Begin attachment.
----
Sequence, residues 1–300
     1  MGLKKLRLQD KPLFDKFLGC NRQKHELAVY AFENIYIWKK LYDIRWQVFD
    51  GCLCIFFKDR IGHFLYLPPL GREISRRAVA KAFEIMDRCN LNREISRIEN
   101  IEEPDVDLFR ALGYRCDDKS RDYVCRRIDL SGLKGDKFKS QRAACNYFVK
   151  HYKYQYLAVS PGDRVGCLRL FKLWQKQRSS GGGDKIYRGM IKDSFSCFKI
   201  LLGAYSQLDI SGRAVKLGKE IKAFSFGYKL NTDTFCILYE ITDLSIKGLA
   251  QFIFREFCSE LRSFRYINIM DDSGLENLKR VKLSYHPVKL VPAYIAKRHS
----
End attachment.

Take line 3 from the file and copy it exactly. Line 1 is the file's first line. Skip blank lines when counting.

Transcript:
    51  GCLCIFFKDR IGHFLYLPPL GREISRRAVA KAFEIMDRCN LNREISRIEN